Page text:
Rocket Raccoon 1

rocket raccoon 1

Today, Scott and Patrick are discussing Rocket Raccoon 1, originally released July 2nd, 2014.

Scott: I have something of a sidekick complex. As the youngest of three brothers, I typically wound up as the Robin to someone else’s Batman (often literally). As a kid, my favorite athlete was Scottie Pippen, perhaps the most famous ‘sidekick’ in sports history. (I liked his name.) There was one other Scott in my high school class, and he was the prom king, so for the most part I was the other Scott (which probably makes me more of a second-fiddle than a sidekick, but hey, I needed a third example to solidify my argument, so play along). Of course, we’re each the main character of our own life, so being the overly sentimental kid I was, I often wondered how it made the various sidekicks feel to be relegated to a secondary role in everyone else’s eyes. Chewbacca, Mr. Smithers, Gromit — these are great characters, and they deserve their share of the spotlight. The Guardians of the Galaxy are a team, so Rocket Raccoon might not be a sidekick in a strict sense, but he’s never had a strong story of his own to carry in Brian Michael Bendis’ title. Honestly, this story by Skottie Young (I like his name!) probably could have been chopped in to smaller pieces and told as a B-story in Guardians, but I’m all for the little guy getting his shot at the big time.

We may know Rocket as the snarky little furball at Peter Quill’s side, but when he’s not cruising with the Guardians of the Galaxy he’s actually quite the hero, rescuing princesses and whatnot. He’s a total heartthrob. When he takes Kaleeko on a date to a wrestling match (featuring Groot, who I guess might be considered Rocket’s sidekick) the two are featured on the Kiss Cam, and Rocket is IDed as a wanted murderer, sending the entire arena into a frenzy. Rocket escapes, but he’s confused – it’s not until he contacts Peter that he realizes the crimes he’s accused of were committed by another raccoon, which is equally confusing since Rocket believed himself to be the last of his race. Rocket decides to turn himself in – it’s the first step of his plan, but the end of a different one; all of Rocket’s exes are trying to kill him, and the “date” he was on was really an attempted hit.

When I heard about this title, I was skeptical. Why couldn’t this Rocket story just be told through Guardians of the Galaxy? If Rocket isn’t a strong enough character to carry an issue of that title, why should he get his own? It seemed like an obvious marketing ploy on Marvel’s behalf to drum up some awareness of its characters leading up to the release of the Guardians movie. What I was forgetting, however, is that I love Rocket Raccoon and I absolutely wanted to read an issue devoted to his crazy exploits. This is a marketing ploy, no doubt, but that doesn’t mean it’s without merit. Young treats Rocket like a true star, quickly establishing him as a hero. A one-liner-delivering, princess-kissing hero.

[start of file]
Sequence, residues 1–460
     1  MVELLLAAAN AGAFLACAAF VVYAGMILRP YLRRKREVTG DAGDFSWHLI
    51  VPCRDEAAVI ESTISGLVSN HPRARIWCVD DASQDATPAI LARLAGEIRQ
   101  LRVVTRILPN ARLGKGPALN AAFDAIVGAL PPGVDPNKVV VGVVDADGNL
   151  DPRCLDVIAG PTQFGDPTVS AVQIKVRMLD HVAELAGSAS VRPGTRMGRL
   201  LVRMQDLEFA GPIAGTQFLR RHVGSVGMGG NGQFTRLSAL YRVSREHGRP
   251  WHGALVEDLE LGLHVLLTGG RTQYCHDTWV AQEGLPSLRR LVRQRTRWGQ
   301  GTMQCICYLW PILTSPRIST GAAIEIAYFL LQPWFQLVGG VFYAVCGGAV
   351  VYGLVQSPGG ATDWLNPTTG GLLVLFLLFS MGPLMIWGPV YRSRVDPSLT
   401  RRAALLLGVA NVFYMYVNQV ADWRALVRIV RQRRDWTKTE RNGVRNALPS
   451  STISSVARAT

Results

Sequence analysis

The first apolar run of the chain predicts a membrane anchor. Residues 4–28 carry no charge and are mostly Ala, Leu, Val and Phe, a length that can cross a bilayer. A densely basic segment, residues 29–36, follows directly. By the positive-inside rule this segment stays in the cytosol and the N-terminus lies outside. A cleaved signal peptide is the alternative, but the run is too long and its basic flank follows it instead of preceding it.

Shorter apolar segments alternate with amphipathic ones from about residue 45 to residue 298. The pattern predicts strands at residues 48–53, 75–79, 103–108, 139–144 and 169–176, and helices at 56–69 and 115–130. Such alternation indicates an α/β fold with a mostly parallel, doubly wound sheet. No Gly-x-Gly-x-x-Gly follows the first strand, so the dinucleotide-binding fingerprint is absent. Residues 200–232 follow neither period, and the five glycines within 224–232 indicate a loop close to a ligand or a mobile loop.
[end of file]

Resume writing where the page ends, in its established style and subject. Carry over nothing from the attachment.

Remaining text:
A hero's entrance

I’m glad to see Bendis’ affinity for Star Wars references carried over into this book. Amalya’s “You’re taller than I expected” is a perfect riff on Princess Leia’s “Aren’t you a little short for a Storm Trooper?” line when Luke rescues her from the Death Star (there’s also a visual nod to the periscope-eyed trash compactor monster as Rocket is running through a sewage pipe).

In fact, my favorite thing about this issue is the way it walks the line between feeling like a part of the Guardians world (er, Galaxy?) and feeling like its own distinct thing. Young nails Rocket’s cocky wisecracking charisma, and shows that, while he’s just as much of a jerk, he’s even more lovable in an expanded role. Most of the distinction comes from the artistic end, which is a pretty big stylistic departure from Guradians. Young’s style is more cartoonish, with characters that tend to look younger than I’m used to seeing them. This is especially noticeable with Peter Quill, who looks more like a skinny, angsty teenager than the well-built hunk we know.

Peter slimmed down for this role. Hollywood, right_

The art is a great fit for this story. Rocket’s exploits have slightly lower stakes than what the Guardians tend to deal with, and this style matches the zany fun you’d expect from a story about a bunch of princesses hunting an anthropomorphic raccoon.